Additionally, the Kinzhаl incorporates a noise-suppressing filter, the BNX022-0100L, produced by the Japanese corporation Murata. Such components were supplied from China to Russia in 2023 by the Hong-Kong based Jinmingsheng Technology (Hk) Co., and imported by Moscow-based LLC OnElek.

The Kinzhаl also houses a high-performance reprogrammable memory module, EPM7256SRI208-10N, manufactured by Altera, the California-based manufacturer of logic devices, which is now owned by Intel. This module is crucial for storing and preserving microcode, a set of low-level instructions that control the internal operations of a microprocessor or microcontroller, acting as a kind of «translator» between the high-level commands a user gives a computer and the physical actions that occur inside the chip. Microcode controls many basic operations such as reading, writing, and arithmetic operations, making complex instructions more understandable and executable for the processor itself. As a significant and expensive component, its typical application is unlikely to be in consumer electronics and more probable in high-end devices, including military ones. In 2023, Shenzhen Bailiansheng Electronic Technology Co. exported the Altera chips from China to Russia, dealing with a St-Petersburg-based company known as OOO 1M.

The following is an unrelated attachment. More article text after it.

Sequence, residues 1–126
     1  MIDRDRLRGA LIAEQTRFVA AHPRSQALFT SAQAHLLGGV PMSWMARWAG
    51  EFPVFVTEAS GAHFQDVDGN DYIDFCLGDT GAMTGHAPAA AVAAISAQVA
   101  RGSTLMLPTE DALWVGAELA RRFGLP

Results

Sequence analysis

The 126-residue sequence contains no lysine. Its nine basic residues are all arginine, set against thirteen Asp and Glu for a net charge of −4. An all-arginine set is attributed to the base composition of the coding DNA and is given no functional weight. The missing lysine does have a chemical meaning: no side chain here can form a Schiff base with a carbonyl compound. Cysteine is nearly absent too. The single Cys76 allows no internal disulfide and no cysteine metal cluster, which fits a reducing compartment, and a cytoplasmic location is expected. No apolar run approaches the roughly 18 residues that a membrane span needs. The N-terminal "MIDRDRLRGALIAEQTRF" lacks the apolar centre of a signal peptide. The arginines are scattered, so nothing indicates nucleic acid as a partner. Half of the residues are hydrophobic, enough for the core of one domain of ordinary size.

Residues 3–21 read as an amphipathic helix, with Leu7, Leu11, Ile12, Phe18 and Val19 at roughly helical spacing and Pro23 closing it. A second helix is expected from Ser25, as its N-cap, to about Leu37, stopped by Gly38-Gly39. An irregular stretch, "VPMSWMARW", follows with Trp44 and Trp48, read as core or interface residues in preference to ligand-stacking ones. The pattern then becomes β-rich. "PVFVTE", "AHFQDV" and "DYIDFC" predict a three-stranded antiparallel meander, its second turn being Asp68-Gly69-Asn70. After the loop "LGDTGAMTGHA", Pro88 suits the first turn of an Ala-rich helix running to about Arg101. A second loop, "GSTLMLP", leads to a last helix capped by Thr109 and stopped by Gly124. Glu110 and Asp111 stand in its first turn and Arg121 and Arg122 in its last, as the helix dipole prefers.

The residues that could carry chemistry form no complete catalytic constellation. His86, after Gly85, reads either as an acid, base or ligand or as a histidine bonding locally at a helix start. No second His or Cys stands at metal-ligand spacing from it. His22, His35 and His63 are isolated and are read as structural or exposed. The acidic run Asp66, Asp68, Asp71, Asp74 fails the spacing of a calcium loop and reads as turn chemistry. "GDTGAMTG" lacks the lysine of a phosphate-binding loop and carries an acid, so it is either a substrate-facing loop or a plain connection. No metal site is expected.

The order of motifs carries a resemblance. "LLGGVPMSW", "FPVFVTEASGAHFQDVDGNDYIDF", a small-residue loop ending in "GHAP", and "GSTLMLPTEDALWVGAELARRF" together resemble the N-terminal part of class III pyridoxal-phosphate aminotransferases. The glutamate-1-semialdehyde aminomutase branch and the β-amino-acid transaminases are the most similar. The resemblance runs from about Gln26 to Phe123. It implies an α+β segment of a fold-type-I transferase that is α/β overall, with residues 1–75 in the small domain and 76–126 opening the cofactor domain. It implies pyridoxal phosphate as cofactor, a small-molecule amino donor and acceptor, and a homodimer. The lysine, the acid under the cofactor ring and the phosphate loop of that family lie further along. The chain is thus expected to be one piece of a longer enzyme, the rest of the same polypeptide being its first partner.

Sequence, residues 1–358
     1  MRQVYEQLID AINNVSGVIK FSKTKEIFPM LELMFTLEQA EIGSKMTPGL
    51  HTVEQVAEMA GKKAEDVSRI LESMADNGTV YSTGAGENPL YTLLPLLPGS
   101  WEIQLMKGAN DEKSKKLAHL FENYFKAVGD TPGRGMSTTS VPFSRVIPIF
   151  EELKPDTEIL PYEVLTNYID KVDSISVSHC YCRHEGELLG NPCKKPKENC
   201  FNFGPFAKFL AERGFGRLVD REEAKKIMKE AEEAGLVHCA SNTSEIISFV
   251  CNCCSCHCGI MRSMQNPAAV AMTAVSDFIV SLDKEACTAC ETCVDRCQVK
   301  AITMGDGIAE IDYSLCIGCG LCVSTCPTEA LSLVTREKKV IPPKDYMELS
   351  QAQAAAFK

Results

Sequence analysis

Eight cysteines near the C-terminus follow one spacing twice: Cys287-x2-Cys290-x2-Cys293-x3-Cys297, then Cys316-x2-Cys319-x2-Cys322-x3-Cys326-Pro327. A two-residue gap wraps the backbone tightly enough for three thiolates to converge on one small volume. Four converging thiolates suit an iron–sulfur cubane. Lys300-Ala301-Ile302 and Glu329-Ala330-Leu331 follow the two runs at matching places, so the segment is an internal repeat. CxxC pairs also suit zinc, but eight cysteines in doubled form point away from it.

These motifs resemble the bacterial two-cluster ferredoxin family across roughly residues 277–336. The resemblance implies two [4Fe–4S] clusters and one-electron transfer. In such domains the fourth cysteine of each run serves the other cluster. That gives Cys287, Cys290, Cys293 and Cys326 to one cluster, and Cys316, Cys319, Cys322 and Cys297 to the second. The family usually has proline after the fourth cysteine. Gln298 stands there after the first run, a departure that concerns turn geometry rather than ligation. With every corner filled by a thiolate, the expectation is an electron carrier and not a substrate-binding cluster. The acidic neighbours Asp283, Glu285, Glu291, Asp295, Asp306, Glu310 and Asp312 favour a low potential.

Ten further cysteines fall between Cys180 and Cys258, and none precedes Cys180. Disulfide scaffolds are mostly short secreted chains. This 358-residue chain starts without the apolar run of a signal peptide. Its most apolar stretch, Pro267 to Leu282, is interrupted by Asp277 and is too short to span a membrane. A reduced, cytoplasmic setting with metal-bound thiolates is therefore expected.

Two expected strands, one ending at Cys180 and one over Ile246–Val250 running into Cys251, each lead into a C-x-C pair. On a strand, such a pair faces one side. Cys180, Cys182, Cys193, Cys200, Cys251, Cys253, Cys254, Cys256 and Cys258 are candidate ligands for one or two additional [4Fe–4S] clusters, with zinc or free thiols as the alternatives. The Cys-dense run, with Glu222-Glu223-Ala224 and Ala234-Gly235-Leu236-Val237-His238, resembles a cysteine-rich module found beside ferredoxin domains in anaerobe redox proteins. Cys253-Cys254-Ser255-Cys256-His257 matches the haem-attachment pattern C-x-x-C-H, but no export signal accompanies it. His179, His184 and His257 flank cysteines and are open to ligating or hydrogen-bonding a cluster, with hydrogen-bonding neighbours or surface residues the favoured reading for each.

The Forpost

Even before the full-scale invasion, Russia’s Forpost reconnaissance drone was reported to use a navigation receiver, the NV08C-CSM, made by Swiss manufacturer NVS Technologies AG and designed for receiving signals from global navigation satellite systems. In 2023, such receivers were exported by the Chinese company New Idea (Guangzhou) Technology Co. Ltd and imported by a Russian one called OOO SMT Ilogic, based in St. Petersburg, which has been under U.S. sanctions since May 2023 for its role in procurement of parts for Orlan drones.

The Orlan